X‐ray Diffraction at Synchrotron Light Sources


The elucidation of biological structure and function for macromolecules and their complexes is undertaken extensively using X‐ray diffraction. Synchrotron X‐radiation is widely used, due to its exceptional X‐ray brightness and tunability properties, in protein crystallography, fibre diffraction and solution scattering. The synchrotron is also now increasingly used in chemical crystallography of smaller molecules which obviously are very important with respect to all the various ligands that bind to biomolecules; a special feature is the use of the X‐ray intensity to overcome small crystal volume, in ways entirely analogous to biomolecular microcrystals. Techniques that are complementary to crystallography are electron microscopy (EM) and NMR spectroscopy for structure determination and the study of dynamics. Spectral monitoring of samples is undertaken in time‐resolved crystallography to identify structural intermediates and to monitor for radiation damage of biomolecules including metal atom oxidation state changes.

Key Concepts:

  • Structure and function relationships are key to understanding of biomolecules and their roles in life processes, the details of which are revealed at the atomic level by X‐ray diffraction.

  • Conformational changes and information on the dynamics of biomolecules can be determined from several structures in comparison or directly via freeze trapped or time‐resolved structures that have been determined by diffraction studies.

  • Multi‐macromolecular complexes being large and often flexible are especially challenging for crystallisation of sufficiently ordered crystals.

  • Synchrotron radiation sources provide intense and tunable X‐rays that are widely used properties but also the properties of the polarisation and the pulsed nature of these sources can be harnessed in special experiments.

  • Free Electron Lasers (FELs) and X‐ray FELs considerably extend the peak brightnesses available by upto 10 orders of magnitude and shorten the pulse lengths to a few tens of femtoseconds (from sub‐nanoseconds in synchrotrons).

  • Solving a crystal structure has presented special obstacles since the discovery of X‐ray diffraction but synchrotron radiation has opened up new possibilities based on anomalous X‐ray scattering.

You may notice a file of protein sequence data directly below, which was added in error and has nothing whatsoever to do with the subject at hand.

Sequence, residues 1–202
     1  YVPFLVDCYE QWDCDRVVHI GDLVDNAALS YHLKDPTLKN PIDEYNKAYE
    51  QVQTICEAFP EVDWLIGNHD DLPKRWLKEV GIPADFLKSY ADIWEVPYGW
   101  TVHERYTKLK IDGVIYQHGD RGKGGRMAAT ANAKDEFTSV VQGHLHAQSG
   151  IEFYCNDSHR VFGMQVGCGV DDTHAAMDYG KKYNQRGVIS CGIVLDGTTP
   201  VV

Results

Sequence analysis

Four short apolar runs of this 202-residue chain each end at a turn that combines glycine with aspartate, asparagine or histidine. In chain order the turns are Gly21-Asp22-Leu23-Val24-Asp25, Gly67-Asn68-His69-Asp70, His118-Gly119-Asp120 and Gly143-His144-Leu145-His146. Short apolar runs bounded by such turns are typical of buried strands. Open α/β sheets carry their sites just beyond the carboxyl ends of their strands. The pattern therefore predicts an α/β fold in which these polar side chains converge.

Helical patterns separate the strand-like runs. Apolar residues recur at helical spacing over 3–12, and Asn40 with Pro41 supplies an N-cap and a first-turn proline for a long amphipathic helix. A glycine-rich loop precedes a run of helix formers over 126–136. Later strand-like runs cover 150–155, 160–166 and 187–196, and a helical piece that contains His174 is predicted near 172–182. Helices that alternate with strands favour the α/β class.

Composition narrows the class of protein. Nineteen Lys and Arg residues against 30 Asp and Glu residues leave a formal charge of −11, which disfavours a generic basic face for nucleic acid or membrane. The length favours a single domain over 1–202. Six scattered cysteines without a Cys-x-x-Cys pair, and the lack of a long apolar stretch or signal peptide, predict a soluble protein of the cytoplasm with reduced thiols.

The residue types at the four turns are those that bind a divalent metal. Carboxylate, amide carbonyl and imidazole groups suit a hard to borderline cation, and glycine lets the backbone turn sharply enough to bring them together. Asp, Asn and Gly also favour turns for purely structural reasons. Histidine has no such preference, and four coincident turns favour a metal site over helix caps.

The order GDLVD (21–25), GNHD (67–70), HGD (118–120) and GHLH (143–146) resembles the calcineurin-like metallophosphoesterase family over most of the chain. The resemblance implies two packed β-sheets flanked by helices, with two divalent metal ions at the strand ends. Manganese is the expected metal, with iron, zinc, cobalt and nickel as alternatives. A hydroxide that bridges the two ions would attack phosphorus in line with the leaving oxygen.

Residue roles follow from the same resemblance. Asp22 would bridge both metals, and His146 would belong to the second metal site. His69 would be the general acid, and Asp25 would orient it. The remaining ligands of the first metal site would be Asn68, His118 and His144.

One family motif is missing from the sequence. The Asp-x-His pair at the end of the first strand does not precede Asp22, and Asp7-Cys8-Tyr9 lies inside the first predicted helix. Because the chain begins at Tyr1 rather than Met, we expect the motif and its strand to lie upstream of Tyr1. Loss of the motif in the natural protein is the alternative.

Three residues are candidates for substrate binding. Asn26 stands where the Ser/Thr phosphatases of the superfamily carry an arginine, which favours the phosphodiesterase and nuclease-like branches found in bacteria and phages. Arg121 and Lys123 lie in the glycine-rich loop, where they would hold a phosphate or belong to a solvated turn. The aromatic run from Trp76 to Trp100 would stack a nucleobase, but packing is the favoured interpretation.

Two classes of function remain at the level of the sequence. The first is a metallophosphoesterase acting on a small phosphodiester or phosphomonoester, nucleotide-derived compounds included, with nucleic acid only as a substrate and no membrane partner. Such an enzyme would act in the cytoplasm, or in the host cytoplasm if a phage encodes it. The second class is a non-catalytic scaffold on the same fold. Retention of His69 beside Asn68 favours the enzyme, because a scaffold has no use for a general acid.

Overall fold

• Pharmaceutical design is possible based on a knowledge of the three‐dimensional structure of a protein receptor site for a ligand, an approach known as structure‐based drug discovery and optimisation.

  • Proteins and their ligands are studied extensively by crystallography either together or separately with the techniques of macromolecular and chemical crystallography, respectively.

Keywords: protein crystallography; fibre diffraction; solution scattering; structural techniques

Figure 1.

A schematic diagram of the layout of a synchrotron radiation (SR) source. In practice, SR storage rings are much larger and complex, having many more machine ‘cells’ than the four shown here. At the European SR Facility (ESRF) in Grenoble, for example, the third‐generation high‐brightness source is 840 m in circumference and has 32 cells. The R.F. (radio frequency) cavity replenishes the energy to the electrons that is lost to the light energy emitted.

Figure 2.

A polychromatic Laue diffraction pattern from a protein crystal with spots colour‐coded for wavelength. Short wavelengths in blue and then through the rainbow colours to red at the longest wavelengths. Actual wavelength bandpass used in this simulation is 0.5–2.5 Å. Reproduced with the permission of Acta Crystallographica.

Figure 3.

(a) Electron density map image of a protein crystal. (b) Ribbon diagram of the same protein crystal to the same scale and the same view. The protein is the tetramer of concanavalin A from jack beans with glucoside in atom‐by‐atom format and metal atoms also shown as individual spheres. Concanavalin A–sugar complexes are typical of the proteins studied to high resolution at a second‐generation SR source (in this case Daresbury SRS), that is around 100 kDa in the asymmetric unit of the crystal.

Figure 4.

A monochromatic rotating crystal diffraction pattern recorded from a human rhinovirus crystal at the Cornell High Energy SR Source (CHESS), USA. Rhinovirus was the first mammalian virus structure to be solved (in 1985). Reproduced with the permission of Professor MG Rossmann, Purdue University, USA and Acta Crystallographica.


Further Reading

Chayen NE, Helliwell JR and Snell EH (2010) Macromolecular Crystallization and Crystal Perfection. Oxford University Press. International Union of Crystallography Monographs on Crystallography ISBN‐10: 0199213259.

Cianci M, Helliwell JR, Helliwell M et al. (2005) Anomalous scattering in structural chemistry and biology. Crystallography Reviews 11: 245–335.

Helliwell JR (1992) Macromolecular Crystallography with Synchrotron Radiation. Cambridge University Press. Published in paperback 2005 DOI: 10.2277/0521544041.

Hendrickson W, Horton JR and LeMaster DM (1990) Selenomethionyl proteins produced for analysis by multiwavelength anomalous diffraction (MAD): a vehicle for direct determination of three‐dimensional structure. EMBO Journal 9: 1665–1672.

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Helliwell, John R(Oct 2010) X‐ray Diffraction at Synchrotron Light Sources. In: eLS. John Wiley & Sons Ltd, Chichester. http://www.els.net [doi: 10.1002/9780470015902.a0003109.pub2]